Wissenberg: As a pioneer in matters of sustainability in our industry, it seemed quite logical to combine the message of our “e-save” program with the wider BLUECOMPETENCE campaign launched by the VDMA in 2011. This yields synergies for both sides, and we are able to market the VDMA initiative globally at the same time and thus also provide strength to our German location. Industrial production inevitably affects the environment.
Strauch: Mr. Siebert, Rieter is a leading supplier of systems for short-staple fibre spinning. Recently you announced the presentation of a new single-head drawframe generation at ITMA ASIA + CITME 2016. China is a significant market in the production of synthetic fibres and their blends. Furthermore, energy efficiency is becoming increasingly important in this market. To what extent does the new drawframe generation from Rieter fulfil this brief?
Siebert: The new RSB-D 50 single-head drawframe generation offers a hitherto unattained level of productivity of the highest quality, compared to its predecessor. The new coiler CLEANcoil-PES extends the cleaning cycle for critical polyester fibers by at least 100 percent. The patented drive concept ECOrized uses 25 percent fewer belts, saves up to 1,000 euros in energy costs annually and allows higher output speeds for polyester and combed wool, for example. The new single-head drawframe is already fitted and supplied with energy-saving ECOrized solutions. For older machine generations, Rieter After Sales offers custom-made, energy-saving packages.
Strauch: Mr. Imhof, Autefa solutions covers automation, bale packing, carding as well as nonwoven technologies. What are the key drivers for your customers to invest into an energy saving technology?
Imhof: Two reasons drive our customer’s decision for such an investment: Number one are the rules and regulations and number two is the economy. Especially in China, the entrepreneur’s decisions are influenced by the 5-year plan which aims at increasing the renewable energy mix by 28 percent and, at the same time, reducing the coal energy by 10 percent. Gas will be doubled. Within the next 10 years China wants to reduce CO2 exhaust by 40 percent. This worldwide trend will drive nonwovens and textile manufacturers to invest. Reducing the drying energy with our new SquareDrum Spunlace Dryer or the V-Jet Hydroentangeling technology has proven that with an average line capacity more than 250,000 EUR/year energy cost can be saved.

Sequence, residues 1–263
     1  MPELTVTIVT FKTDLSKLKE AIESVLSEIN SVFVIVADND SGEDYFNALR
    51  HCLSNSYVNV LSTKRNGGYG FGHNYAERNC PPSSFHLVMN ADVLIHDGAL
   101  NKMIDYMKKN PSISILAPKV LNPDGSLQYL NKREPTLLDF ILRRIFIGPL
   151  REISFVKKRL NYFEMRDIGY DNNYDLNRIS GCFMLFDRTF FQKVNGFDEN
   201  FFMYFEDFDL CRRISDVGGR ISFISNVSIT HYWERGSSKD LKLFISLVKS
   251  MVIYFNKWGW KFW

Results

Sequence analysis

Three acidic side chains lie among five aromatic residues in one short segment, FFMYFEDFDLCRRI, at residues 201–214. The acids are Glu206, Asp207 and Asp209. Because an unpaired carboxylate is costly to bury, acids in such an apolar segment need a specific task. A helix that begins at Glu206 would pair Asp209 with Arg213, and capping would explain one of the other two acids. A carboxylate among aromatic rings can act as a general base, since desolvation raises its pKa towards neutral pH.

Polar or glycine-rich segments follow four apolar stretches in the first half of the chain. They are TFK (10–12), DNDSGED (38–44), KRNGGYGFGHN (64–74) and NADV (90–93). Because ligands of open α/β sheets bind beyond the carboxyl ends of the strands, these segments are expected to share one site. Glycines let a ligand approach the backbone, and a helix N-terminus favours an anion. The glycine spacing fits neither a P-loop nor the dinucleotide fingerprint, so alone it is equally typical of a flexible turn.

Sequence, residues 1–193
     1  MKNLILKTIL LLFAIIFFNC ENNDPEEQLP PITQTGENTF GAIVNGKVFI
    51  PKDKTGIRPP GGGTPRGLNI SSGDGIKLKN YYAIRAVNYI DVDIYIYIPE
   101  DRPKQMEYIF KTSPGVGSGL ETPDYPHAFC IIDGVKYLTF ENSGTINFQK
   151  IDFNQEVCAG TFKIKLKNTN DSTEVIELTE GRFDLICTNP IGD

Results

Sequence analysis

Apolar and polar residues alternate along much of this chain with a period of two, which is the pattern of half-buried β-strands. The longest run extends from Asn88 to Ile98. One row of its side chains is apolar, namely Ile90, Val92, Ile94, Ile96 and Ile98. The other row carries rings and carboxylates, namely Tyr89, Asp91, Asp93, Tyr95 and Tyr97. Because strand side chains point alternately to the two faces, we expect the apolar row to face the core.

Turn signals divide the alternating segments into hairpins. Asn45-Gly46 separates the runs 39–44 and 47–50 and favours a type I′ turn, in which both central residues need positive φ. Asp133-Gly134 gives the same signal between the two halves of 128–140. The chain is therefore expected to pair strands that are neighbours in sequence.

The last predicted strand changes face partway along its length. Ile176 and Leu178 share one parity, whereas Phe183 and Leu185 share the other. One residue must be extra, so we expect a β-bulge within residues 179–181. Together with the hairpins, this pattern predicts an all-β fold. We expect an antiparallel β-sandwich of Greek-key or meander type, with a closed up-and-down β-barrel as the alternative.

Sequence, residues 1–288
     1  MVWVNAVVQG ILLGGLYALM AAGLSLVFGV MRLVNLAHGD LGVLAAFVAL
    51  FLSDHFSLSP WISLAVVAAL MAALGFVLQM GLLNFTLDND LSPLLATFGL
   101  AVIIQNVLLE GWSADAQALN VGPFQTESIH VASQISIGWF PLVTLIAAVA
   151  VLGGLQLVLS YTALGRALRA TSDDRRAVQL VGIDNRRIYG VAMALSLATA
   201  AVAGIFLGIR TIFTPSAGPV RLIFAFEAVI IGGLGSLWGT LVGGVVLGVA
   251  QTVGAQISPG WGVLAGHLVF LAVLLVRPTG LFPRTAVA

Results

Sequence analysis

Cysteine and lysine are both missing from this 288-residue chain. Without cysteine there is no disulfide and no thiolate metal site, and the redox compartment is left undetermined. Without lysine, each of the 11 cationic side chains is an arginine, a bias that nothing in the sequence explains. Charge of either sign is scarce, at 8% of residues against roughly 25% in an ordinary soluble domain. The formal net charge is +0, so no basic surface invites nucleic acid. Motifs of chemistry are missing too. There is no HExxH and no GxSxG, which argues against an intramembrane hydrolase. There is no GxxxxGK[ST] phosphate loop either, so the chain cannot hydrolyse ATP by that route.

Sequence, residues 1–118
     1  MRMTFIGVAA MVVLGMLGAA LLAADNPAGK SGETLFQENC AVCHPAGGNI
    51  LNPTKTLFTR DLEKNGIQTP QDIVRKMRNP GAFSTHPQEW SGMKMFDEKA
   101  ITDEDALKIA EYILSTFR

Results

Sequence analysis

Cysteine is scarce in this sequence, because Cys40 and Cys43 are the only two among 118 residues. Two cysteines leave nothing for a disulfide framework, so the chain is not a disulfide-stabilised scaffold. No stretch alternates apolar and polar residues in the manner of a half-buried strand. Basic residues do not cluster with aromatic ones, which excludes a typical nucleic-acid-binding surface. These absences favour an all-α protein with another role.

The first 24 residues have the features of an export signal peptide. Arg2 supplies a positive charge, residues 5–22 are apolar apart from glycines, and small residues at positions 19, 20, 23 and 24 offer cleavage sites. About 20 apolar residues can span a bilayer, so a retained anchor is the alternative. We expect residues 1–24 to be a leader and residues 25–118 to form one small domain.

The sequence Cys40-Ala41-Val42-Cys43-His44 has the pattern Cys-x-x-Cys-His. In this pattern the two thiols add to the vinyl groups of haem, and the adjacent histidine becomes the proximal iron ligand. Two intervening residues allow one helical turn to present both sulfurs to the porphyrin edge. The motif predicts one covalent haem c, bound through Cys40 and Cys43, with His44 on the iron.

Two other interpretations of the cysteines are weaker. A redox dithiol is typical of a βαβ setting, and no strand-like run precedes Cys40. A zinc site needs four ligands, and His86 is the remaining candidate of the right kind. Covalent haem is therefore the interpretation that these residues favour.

Strauch: What are you doing differently than others, what customer benefits do you offer?
Imhof: The EnRec, Energy Recovery technology for ovens has being continuously improved over the last years. Among the first we equipped complete factory roofs with thermal solar panels to pre-heat the air to 100°C. Since the sun does not send you a bill, it is almost free of charge. We installed block heating power plants to use electrical energy produced by a gas generator and get heat for the ovens free of charge. This year, we will modify a 50,000-ton fibre production financed by Autefa Solutions. The customer has no risks, no initial investment. Benefiting from the first day using 0.5 Mio EUR less energy p.a., Autefa Solutions gets paid by a profit sharing over the next years.